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Chair of Microbiology and Immunology at the University of South Alabama, Kevin Macaluso, joins the show to discuss something you might not have even heard of: rickettsiology.

Tune in to discover:

  • What types of symptoms arise when tick-borne spotted fever goes undetected in the host
  • In what ways rickettsia behave like viruses, and how they use host cell molecules to move around and penetrate neighboring cells
  • What types of vector, host, and pathogenic variables are at play in the transmission biology of rickettsia

Rickettsiology is the study of obligate intracellular gram-negative bacteria that was described over 100 years ago by Howard Taylor Ricketts, a physician who set out to study the then-unknown source of a lethal disease often referred to as black measles or spotted fever.

Through a series of studies, Ricketts and other researchers figured out that the bacteria causing the disease could be transmitted through tick bites. Over 40 species of rickettsia have been identified worldwide. Ultimately, it is Macaluso’s goal to figure out what drives rickettsial diseases and rickettsial infection in order to potentially intervene in the transmission cycle or find a treatment.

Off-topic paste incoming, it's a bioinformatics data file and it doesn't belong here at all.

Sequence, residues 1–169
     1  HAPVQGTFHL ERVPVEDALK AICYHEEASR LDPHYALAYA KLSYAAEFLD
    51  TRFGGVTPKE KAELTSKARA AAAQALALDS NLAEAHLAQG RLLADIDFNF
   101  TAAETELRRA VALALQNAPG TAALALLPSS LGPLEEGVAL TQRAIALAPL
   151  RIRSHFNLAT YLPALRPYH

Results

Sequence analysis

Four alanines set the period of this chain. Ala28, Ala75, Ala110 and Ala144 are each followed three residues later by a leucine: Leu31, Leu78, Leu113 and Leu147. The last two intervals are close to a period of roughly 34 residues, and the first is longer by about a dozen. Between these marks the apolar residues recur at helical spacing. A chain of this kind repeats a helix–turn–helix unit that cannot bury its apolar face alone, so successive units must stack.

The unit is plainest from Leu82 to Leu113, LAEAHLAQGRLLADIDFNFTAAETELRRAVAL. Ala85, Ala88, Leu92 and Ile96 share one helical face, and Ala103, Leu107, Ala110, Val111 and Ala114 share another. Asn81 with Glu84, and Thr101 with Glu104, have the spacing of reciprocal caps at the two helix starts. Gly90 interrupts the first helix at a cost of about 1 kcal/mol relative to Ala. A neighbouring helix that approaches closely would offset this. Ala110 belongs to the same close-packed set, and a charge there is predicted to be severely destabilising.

Macaluso’s research is centered around the disease transmission cycle of rickettsia. “Because you’re dealing with bacteria that are transmitted by arthropods to vertebrate hosts, they form a triad of vector-borne diseases, and there are a lot of variables associated with that…it’s a complex interaction between these three organisms, and we study all aspects of it,” explains Macaluso.

He goes on to explain the mechanisms of the bacteria once in the body, including how and where they replicate in the body, how they disseminate in the body, how certain rickettsial pathogens affect the ticks through which transmission occurs, and more.

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